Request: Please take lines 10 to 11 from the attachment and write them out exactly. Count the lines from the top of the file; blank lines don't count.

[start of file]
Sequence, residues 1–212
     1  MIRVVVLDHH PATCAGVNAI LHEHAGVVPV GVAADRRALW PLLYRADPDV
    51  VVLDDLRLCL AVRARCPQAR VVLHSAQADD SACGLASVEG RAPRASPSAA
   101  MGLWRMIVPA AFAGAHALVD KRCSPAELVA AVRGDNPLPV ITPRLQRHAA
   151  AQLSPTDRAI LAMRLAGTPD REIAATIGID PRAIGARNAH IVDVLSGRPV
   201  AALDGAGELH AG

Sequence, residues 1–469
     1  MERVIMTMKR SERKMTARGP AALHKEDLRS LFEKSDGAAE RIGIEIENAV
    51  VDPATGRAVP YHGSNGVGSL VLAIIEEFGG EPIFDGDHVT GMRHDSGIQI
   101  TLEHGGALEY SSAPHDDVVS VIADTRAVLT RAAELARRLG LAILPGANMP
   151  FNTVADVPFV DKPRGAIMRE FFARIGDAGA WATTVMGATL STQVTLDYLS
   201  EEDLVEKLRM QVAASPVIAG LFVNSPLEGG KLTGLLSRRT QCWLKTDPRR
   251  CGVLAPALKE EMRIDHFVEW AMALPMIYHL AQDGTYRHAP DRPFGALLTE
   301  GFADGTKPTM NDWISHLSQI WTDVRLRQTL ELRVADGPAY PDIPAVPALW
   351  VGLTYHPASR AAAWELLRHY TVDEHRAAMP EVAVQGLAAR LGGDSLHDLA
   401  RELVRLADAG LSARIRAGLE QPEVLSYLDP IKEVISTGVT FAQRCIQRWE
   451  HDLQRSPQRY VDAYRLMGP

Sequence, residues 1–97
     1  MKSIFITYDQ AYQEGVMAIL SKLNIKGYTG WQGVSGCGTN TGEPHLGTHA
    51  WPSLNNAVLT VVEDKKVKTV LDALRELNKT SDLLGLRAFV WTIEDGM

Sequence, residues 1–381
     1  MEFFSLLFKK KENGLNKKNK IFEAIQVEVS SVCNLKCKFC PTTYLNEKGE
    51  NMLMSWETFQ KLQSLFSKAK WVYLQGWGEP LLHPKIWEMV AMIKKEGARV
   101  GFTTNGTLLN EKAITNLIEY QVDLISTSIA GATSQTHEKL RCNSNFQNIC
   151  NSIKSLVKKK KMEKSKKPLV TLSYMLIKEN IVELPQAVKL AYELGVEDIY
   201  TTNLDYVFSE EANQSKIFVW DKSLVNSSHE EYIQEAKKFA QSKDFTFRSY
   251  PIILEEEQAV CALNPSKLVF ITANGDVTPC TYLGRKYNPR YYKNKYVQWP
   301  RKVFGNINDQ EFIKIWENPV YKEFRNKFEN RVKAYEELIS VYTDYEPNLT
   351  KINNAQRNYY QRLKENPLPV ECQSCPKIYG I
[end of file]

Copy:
   101  TLEHGGALEY SSAPHDDVVS VIADTRAVLT RAAELARRLG LAILPGANMP
   151  FNTVADVPFV DKPRGAIMRE FFARIGDAGA WATTVMGATL STQVTLDYLS